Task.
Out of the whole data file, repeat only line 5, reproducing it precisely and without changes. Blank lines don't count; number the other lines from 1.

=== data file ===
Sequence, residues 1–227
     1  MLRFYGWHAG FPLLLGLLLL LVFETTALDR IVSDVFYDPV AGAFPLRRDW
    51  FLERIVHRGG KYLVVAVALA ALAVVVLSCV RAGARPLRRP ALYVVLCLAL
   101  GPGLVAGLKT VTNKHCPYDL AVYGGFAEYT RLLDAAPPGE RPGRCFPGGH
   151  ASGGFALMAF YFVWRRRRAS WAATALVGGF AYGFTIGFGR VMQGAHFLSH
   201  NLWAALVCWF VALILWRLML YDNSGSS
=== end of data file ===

   151  ASGGFALMAF YFVWRRRRAS WAATALVGGF AYGFTIGFGR VMQGAHFLSH